Nurture nonprofit networks. If nonprofits have the edge on business in any area, it’s their ability to work collaboratively as opposed to competitively with each other.  Whether it’s driven by necessity through lack of resources or through altruism toward a greater good, one thing is for certain: networking nonprofits who openly share resources, results, staff, models, and techniques are crucial to fulfilling mission-related large-scale work.  

Case example: “Today, Heritage’s Resource Bank – a network of state and local nonprofits – includes more than 2,000 member organizations. The Heritage Foundation helps leaders of these state and local nonprofits raise money and freely shares its donor list with like-minded groups. It also offers extensive programs to train non-Heritage policy analysts on everything from conservative strategies to public speaking skills. And Heritage cultivates talent – not only for its own organization, but also for other leading conservative groups – by offering a prestigious internship program and job-placement service for its young acolytes. The nonprofit also frequently works in coalitions to promote conservative policy and to pass legislation. Rather than seeing other conservative organizations as competitors, Heritage has helped build a much larger conservative movement over the last two decades, serving as a critical connector in this growing network of like-minded peers.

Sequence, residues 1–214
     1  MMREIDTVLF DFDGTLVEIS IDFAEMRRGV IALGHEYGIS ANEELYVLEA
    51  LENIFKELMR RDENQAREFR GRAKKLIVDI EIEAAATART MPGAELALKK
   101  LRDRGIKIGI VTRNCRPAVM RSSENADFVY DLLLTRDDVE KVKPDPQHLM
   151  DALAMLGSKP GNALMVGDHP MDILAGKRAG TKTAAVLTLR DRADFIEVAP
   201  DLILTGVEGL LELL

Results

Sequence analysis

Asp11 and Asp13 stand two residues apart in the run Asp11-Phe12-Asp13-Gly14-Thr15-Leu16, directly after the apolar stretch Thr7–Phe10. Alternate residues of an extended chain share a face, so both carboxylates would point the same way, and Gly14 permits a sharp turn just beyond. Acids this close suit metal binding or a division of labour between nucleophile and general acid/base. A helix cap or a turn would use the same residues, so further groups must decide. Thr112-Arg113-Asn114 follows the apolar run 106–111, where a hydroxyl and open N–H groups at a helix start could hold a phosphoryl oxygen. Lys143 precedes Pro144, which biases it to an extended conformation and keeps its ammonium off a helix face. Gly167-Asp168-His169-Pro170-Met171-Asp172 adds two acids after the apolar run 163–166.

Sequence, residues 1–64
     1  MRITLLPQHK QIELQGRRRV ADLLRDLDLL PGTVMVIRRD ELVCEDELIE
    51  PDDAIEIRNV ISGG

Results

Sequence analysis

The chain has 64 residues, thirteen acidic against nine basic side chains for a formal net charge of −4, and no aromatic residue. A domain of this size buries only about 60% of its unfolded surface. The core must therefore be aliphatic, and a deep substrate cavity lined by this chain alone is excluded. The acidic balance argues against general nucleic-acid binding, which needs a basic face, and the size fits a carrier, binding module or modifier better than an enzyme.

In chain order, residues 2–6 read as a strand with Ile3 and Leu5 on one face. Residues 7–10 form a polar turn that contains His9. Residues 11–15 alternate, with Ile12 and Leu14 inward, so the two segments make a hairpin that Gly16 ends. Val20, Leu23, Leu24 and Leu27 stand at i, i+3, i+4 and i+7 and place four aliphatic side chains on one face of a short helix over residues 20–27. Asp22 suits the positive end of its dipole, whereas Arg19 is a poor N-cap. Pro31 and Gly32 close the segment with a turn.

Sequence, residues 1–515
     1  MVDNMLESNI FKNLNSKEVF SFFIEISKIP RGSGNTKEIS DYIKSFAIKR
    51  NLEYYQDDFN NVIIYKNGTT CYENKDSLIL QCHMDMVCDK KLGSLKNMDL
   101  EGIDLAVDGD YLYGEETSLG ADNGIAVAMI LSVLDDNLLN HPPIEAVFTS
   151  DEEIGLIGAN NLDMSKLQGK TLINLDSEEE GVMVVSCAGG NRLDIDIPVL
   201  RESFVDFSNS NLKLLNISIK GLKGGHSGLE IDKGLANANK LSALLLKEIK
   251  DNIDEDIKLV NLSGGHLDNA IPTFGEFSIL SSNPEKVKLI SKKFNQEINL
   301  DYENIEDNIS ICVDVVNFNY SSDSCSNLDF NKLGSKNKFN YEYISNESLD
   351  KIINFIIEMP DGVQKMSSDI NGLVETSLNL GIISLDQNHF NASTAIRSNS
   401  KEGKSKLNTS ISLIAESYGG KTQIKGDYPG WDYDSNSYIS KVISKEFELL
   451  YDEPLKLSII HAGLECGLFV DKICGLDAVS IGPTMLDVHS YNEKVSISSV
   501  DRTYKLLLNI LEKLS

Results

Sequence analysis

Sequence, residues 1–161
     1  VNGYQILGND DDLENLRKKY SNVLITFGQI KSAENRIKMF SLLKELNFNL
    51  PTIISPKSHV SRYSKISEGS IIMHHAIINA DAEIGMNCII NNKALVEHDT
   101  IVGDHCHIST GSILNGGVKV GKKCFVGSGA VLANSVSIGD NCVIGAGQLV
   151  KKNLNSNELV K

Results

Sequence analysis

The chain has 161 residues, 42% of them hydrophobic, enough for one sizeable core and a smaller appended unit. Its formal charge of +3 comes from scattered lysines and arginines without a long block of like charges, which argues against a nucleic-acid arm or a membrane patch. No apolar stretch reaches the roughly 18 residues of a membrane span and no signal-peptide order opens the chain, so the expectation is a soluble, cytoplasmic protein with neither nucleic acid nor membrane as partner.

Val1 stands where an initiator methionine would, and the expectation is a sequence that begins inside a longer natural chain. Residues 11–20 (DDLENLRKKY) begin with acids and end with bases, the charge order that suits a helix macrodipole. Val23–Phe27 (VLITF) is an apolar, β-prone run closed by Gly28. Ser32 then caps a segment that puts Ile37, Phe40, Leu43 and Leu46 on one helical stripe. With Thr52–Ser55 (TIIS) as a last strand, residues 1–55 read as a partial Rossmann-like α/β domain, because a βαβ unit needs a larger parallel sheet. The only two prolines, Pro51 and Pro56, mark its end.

Other high-impact nonprofits harness the power of networks. In some cases, they formalize their networks through an affiliation structure, such as YouthBuild USA or America’s Second Harvest. In other cases, they keep their networks less formal and operate without official brand or funding ties, such as the Center on Budget and Policy Priorities or the Exploratorium.”

Master the art of adaptation. These nonprofits have all mastered the cycle of adaptation, which involves four critical steps: 1. Take in feedback, listen, and seek to adjust and improve as needed. 2. Innovate and experiment, developing new ideas or improving upon older ones. 3. Evaluate and learn what works through effective data collection and analysis, and through sharing information and best practices across their networks. 4. Modify plans and programs in a process of ongoing learning (which brings you back to #1!).  It’s a never-ending cycle that helps these nonprofits increase and sustain their impact. Nonprofits should avoid the pitfalls of being both too innovative with loose structure or mired in bureaucracy with little innovation.